Posted by Tim Cowlishaw on , last updated
In June, Jakub Fiala and I had the amazing opportunity to show some of our work at Sonar+D, the technology and creativity conference attached to the Sonar Festival in Barcelona. This was a great opportunity for us to show our work at a venue very different to the places we usually present at, and to gather feedback from a very diverse audience.
Sonar Festival has been running for 25 years, and is a major event in Barcelona’s cultural calendar. Split over two sites and three days, it attracts performers and festival-goers from around the world, and showcases some of the most exciting new music being produced today. Sonar+D has been running alongside it for the last five years, offering a forum for collaboration between artists, businesses, and research institutions investigating and imagining the future of creativity. We were privileged to be invited to give a talk on the work of BBC R&D’s Internet Research and Future Services section, and also to deliver a version of our ‘Singing with Machines’ workshop, teaching musicians and sound artists to use ‘smart speaker’ devices in new and imaginative ways.
Our talk centred around the role of creativity in our work - how, in the service of our mission to imagine the BBC services of the five-to-ten year future, we use a strategy of ‘operationalised weirdness’ to imagine and prototype as diverse a set of possible futures as possible and respond to them in an innovative manner. This impacts the things we make the way in which we make them, and the people we make them with. More specifically, we focus on ‘half resolution’ prototypes (and often physical objects rather than on-screen prototypes) which express a single idea or feature as fully as possible, rather than striving for completeness in terms of functionality. We find that this allows us both to explore the possibilities afforded by the technologies we’re working with more comprehensively, and to produce prototypes which help us elicit specific, actionable feedback on the ideas we’re testing from the widest variety of people.
The people we work with to achieve this are also key to our approach. By working participatively with a great variety of potential users or collaborators (and focusing specifically on diversity and on examining use cases which might currently be considered to be edge-cases or ‘outliers’), we are able to imagine future use cases and opportunities which might otherwise have gone unexamined.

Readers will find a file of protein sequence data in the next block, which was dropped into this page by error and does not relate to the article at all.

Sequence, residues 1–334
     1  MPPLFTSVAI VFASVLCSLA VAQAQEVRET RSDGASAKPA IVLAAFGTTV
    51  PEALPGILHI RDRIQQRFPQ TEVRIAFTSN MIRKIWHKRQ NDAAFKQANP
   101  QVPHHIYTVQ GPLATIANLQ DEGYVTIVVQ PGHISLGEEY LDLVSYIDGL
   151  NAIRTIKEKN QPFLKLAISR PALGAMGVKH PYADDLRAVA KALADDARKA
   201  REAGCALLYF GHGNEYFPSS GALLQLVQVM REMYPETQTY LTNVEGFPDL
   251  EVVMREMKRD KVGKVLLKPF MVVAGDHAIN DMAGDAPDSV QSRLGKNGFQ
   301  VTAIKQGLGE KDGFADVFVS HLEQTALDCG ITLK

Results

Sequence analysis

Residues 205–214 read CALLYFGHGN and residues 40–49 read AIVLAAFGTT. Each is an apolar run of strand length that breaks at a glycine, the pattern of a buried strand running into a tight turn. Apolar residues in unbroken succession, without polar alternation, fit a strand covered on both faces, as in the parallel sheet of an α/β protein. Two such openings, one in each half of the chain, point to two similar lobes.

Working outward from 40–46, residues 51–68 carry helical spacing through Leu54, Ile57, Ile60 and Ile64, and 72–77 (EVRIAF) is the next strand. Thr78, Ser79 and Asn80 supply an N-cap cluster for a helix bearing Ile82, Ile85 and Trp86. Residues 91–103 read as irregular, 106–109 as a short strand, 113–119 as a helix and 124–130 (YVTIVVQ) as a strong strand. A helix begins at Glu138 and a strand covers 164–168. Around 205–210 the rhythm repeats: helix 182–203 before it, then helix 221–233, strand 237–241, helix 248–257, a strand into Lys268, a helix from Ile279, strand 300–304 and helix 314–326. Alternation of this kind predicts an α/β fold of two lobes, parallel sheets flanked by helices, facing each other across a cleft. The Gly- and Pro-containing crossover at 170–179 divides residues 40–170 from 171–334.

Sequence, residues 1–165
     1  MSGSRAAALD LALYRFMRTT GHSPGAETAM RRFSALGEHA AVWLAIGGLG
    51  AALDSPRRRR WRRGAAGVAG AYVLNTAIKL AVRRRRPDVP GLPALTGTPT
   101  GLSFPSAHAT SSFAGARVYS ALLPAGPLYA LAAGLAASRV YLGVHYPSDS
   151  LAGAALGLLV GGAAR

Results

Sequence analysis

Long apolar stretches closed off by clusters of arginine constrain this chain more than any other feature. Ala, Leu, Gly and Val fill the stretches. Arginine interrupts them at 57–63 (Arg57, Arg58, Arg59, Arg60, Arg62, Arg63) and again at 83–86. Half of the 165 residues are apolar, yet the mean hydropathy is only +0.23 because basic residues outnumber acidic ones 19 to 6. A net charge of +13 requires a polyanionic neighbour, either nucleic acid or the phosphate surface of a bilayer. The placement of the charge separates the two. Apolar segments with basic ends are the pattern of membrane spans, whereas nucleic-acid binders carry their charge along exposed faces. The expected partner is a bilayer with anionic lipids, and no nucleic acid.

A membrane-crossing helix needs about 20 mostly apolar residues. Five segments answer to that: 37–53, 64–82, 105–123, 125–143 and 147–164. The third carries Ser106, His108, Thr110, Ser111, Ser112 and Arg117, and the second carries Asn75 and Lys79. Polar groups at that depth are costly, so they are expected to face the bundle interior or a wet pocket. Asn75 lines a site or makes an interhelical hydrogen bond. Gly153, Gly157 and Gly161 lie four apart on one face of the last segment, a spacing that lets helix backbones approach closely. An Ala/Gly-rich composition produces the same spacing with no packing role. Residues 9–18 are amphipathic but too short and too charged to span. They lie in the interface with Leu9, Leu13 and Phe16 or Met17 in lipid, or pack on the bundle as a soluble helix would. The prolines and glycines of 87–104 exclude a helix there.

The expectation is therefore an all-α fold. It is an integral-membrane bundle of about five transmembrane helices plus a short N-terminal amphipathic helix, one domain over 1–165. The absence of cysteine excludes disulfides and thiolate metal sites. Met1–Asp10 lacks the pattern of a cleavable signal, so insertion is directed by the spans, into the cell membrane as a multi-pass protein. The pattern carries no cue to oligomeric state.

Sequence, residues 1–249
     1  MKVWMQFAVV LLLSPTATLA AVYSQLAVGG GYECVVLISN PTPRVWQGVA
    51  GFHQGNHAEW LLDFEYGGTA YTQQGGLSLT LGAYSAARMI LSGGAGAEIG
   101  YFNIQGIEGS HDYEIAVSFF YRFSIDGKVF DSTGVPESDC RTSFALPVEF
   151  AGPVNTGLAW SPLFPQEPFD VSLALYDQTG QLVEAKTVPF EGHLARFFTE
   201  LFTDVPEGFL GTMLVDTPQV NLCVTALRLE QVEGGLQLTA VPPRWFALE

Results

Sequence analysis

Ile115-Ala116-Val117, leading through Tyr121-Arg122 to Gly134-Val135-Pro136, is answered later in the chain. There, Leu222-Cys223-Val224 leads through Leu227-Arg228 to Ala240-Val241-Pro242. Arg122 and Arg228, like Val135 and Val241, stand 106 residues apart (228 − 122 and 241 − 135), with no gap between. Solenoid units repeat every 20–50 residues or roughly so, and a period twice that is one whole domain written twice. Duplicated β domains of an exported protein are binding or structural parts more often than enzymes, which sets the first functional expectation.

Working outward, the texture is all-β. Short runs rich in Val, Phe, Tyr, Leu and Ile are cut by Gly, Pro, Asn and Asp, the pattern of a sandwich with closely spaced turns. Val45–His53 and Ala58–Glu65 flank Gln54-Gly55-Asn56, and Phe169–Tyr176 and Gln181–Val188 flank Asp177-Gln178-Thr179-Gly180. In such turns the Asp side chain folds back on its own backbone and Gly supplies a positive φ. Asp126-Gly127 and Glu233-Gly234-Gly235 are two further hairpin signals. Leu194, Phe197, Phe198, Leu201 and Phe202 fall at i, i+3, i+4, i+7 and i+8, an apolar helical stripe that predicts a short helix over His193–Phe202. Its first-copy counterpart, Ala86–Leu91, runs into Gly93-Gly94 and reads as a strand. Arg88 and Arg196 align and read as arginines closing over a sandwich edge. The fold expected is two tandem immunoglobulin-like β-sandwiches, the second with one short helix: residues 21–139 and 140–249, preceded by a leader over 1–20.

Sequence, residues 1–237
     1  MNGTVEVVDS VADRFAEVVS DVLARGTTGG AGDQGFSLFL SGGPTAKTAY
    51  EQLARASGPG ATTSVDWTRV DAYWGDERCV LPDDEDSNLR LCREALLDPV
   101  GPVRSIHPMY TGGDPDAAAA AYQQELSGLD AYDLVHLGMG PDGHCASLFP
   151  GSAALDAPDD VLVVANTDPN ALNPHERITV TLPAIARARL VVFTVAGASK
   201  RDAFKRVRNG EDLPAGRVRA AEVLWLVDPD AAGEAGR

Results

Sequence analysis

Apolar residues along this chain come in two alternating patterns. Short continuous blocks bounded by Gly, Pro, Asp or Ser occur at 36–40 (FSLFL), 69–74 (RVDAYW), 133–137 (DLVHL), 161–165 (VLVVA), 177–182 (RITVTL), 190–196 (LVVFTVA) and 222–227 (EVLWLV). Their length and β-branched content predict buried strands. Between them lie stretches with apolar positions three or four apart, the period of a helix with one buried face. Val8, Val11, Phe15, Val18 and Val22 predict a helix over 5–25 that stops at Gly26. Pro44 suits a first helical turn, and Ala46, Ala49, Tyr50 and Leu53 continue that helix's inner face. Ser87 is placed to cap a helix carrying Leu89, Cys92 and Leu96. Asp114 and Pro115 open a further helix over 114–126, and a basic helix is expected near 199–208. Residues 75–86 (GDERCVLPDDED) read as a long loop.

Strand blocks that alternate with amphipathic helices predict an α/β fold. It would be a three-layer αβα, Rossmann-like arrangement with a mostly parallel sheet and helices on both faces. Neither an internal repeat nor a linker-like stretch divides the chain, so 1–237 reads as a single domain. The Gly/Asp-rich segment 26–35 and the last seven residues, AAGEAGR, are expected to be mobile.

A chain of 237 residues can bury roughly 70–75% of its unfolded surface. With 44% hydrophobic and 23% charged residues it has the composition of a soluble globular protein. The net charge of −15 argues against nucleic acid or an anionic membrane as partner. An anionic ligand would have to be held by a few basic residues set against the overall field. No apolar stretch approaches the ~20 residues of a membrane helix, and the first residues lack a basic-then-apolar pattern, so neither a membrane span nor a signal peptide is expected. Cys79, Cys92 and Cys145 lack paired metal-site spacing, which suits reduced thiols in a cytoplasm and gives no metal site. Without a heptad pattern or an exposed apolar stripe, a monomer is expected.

One great example of this is our ‘Singing with Machines’ project, which was the focus of our second session at Sonar. A spin-off of our Talking With Machines work, which aims to investigate new experiences using ‘smart speaker’ devices such as the Amazon Echo and Google Home, ‘Singing with Machines’ is concerned specifically with how these devices can be used for new ways of creating, enjoying, and disseminating music and sound art. We’ve been working collaboratively with musicians and sound artists to explore this, most notably our recent workshop with Wesley Goatley, Natalie Sharp, Graham Dunning and Lia Mice, as well as a collaboration with Lizzie Wilson and Jorge del Bosque, two students on Queen Mary University’s Media and Arts Technology PhD programme.
This work has two main purposes. Firstly, we believe that smart speakers provide an exciting platform for innovative and accessible new musical experiences, through their connectedness, growing ubiquity, comparative low cost, reasonable sound quality and opportunities for interaction. The BBC has been at the forefront of innovation in sound and music since the Radiophonic Workshop, so we hope to continue this tradition in some small way with our present work. Secondly, we believe that this work has more far-reaching positive effects on our other projects using smart-speaker devices; in particular, more creative and speculative work such as this can act as a material exploration of the technologies and platforms on which these devices operate, giving us insights into how they work, which can be more generally useful.
At Sonar, we condensed our findings from our work to date into a three-hour workshop for sound artists and musicians; introducing them to the technologies and tools used to create interactive voice experiences, and allowing them to explore how these devices could be used within their own practice. It was great to present our approach to a lively and creative community of people with whom we’d previously been unfamiliar. Participants came away enthused and informed about this new technology, and generated lots of interesting, creative ideas for uses of this technology that we hadn’t anticipated - allowing us to broaden our own exploration of the possibilities of the medium. We have gained many new ideas and opportunities for future work and collaboration, for ‘Singing With Machines’ and other projects, and we look forward to sharing these developments with you in the near future!
This post is part of the Internet Research and Future Services section